1. Create a furniture inventory. List and measure every piece of furniture so as soon as you can get into your new home, you can plot where everything will go. This also ensures you’re not moving anything that won’t fit.
  1. Pack your priority items — fresh linens, bathroom and kitchen essentials — in easily recognizable containers. These are the things you unpack first, so you don’t want them lost in a stack of boxes.  I’m using my luggage set to hold a fresh set of bedding, clean towels and the bathroom items I’ll need right away. I’ve put aside one bathroom bag to pack the day of, so I will know exactly where my medication, toothbrush, and favorite body wash are.


  1. Label everything immediately. List the designated room, the contents and the priority of the box.  I have boxes I want taken to their designated room immediately, and boxes that can sit in the garage until I have time to unpack. For example, dishes are a top priority, whereas my box of cookbooks and cookie cutters is labeled “non-essential,” because they can sit in my garage for a month, and I’ll live.
  1. Take notes. Alphabetizing makes me happy, but I knew that as I packed up my CDs, that ABC-order I so love would get a little mixed up in the boxes. To solve this problem, I used paper placeholders to mark the beginnings and ends of shelves within the box. If I opened a random box, all I had to do was look at the first placeholder to tell me where to shelve that stack of CDs. “Shelf 4 begins with Jet,” for example.
  1. Take pictures. Books are one thing I don’t alphabetize. I arrange books by genre and, of course, group books by the same author. Having a picture of my bookshelf before I packed up my books made all the difference. All I had to do was pull it up on the computer and I could glance it at it from time to time to ensure each book went into its designated place.
  1. Clean bedding, curtains, rugs, etc. Immediately before the move is the perfect time to steam, shampoo or launder those items that might otherwise arrive at your new house less than pristine. Everything we took down went immediately into the wash. That meant as soon as curtains came off the rods, into the machine they went. While the bed was stripped off all bedding, we went to work vacuuming and steaming it.  Don’t forget small appliances and knick-knacks. While I am obsessive-compulsive about organization, I am far laxer when it comes to cleanliness. This means little things like the spice rack, the paper towel holder and the utensil holder don’t get cleaned nearly as much as they should. I wanted everything like-new again for the new house, so I spent some serious scrub-time to shine everything up.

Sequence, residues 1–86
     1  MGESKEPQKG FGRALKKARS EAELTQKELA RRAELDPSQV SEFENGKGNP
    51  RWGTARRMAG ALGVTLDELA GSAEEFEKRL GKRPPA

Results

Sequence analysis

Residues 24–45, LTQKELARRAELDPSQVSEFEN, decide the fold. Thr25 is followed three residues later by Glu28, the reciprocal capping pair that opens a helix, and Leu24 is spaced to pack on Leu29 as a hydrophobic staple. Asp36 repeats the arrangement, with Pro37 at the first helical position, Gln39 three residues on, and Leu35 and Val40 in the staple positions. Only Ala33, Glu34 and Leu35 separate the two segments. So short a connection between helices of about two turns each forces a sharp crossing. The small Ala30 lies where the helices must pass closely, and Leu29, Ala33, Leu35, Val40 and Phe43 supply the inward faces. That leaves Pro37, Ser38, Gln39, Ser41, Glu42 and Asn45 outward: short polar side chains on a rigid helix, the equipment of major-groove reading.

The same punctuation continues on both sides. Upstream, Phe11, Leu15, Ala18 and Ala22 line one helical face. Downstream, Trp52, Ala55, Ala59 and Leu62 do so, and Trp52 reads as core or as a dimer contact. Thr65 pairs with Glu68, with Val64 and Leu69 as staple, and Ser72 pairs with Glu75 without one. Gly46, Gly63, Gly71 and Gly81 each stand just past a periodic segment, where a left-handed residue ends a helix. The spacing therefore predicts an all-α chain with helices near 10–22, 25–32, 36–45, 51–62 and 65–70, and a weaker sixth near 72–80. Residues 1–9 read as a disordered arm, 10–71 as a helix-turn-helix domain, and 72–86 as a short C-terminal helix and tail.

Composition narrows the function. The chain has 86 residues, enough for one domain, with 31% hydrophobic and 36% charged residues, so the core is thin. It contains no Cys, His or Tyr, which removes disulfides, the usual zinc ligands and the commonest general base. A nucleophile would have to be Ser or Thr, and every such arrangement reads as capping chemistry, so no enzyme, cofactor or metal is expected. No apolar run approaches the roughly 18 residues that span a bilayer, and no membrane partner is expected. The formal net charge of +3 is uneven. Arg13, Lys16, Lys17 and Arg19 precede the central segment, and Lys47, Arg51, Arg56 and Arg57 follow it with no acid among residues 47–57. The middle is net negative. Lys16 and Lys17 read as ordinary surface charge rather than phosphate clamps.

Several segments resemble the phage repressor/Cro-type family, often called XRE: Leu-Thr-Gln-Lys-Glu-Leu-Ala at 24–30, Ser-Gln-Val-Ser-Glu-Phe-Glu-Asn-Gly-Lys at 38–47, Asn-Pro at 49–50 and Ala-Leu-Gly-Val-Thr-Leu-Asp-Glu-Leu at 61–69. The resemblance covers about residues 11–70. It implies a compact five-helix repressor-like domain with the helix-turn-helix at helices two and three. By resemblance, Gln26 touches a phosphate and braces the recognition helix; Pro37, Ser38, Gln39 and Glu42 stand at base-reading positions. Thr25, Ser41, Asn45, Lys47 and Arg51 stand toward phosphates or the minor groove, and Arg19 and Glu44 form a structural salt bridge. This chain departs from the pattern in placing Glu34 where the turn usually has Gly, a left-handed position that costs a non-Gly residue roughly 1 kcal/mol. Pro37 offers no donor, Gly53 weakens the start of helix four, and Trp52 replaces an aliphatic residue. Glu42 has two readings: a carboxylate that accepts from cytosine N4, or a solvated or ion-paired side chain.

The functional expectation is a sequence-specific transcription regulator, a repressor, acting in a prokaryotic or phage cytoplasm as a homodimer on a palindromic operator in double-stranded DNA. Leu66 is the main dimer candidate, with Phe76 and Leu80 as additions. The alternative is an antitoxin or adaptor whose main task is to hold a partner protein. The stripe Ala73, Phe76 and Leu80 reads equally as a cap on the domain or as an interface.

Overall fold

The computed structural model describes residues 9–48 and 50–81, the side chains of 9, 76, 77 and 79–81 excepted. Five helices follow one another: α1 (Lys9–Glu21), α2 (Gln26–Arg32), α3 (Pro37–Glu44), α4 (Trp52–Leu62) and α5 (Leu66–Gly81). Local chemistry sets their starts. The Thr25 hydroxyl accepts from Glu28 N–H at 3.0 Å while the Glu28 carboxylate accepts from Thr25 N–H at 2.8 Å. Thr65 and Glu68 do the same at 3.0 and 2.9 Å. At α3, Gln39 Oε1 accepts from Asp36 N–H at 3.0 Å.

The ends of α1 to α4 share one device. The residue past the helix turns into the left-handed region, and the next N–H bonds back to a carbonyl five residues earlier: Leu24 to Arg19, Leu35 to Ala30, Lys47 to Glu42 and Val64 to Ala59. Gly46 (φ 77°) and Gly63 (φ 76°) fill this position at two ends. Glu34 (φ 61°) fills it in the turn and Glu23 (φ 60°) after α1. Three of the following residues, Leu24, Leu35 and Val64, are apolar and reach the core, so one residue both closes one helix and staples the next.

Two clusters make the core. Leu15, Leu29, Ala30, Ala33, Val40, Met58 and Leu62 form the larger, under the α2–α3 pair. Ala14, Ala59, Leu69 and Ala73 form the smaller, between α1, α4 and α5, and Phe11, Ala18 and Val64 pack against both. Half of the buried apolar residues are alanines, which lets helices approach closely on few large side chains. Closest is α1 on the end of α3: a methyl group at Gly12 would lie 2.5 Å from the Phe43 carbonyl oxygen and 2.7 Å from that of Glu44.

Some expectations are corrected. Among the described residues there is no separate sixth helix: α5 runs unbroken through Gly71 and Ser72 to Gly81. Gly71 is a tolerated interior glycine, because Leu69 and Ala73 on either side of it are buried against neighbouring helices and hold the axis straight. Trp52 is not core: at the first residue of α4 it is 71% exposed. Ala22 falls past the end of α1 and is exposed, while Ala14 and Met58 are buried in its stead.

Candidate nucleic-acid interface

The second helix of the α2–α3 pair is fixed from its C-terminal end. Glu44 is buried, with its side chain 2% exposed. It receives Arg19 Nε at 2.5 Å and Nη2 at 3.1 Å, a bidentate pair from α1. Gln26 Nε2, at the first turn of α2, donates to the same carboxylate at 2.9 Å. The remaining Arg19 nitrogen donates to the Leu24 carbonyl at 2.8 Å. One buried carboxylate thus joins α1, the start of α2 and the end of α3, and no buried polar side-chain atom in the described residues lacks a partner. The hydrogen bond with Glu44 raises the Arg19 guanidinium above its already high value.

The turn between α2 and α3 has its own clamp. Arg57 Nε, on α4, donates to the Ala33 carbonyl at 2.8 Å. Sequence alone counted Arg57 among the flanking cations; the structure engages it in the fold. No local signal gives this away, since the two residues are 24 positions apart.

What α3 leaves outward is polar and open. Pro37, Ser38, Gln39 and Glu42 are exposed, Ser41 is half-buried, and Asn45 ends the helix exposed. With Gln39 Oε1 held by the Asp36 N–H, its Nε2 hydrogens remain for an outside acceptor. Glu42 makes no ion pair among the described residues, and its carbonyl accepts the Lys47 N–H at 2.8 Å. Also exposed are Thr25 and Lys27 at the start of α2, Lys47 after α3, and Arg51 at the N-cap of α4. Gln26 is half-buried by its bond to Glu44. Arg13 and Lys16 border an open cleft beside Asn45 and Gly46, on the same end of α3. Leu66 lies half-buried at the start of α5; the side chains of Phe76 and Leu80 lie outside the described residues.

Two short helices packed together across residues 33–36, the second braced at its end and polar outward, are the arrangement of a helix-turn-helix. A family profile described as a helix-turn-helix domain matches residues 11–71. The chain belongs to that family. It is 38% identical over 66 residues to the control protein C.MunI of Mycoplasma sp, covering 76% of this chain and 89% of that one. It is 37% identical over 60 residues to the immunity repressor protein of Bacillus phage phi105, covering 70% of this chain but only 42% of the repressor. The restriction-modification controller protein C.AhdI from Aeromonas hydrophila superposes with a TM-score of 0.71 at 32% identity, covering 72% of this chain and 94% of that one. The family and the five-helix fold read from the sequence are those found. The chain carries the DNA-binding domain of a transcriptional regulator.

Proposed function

1. Keep handy a portable file tote with any papers you may need in the next month. My move happened to coincide with a whole bureaucratic mess to deal with, so that file tote was my life-saver. It’s also a good way to keep coupons in one safe place. I have a large four-drawer file cabinet, but making the file tote my go-to spot for papers just simplified things.7d9f396bee54cf2b8124d13ec3bbe106
  1. Stock up on household essentials and grocery shop for far more food than you think you need — preferably a variety of easy-to-prepare items. At the end of a long day of moving, running to the store for pack of paper towels or a gallon of milk is the last thing you want to worry about. And easy-to-prepare doesn’t have to be frozen. Think fixings for sandwiches, cheese, rice and dry beans for burritos, and fruit and granola bars for quick snacks.


NEXT TIME: Now that we’re packed, let’s do the move!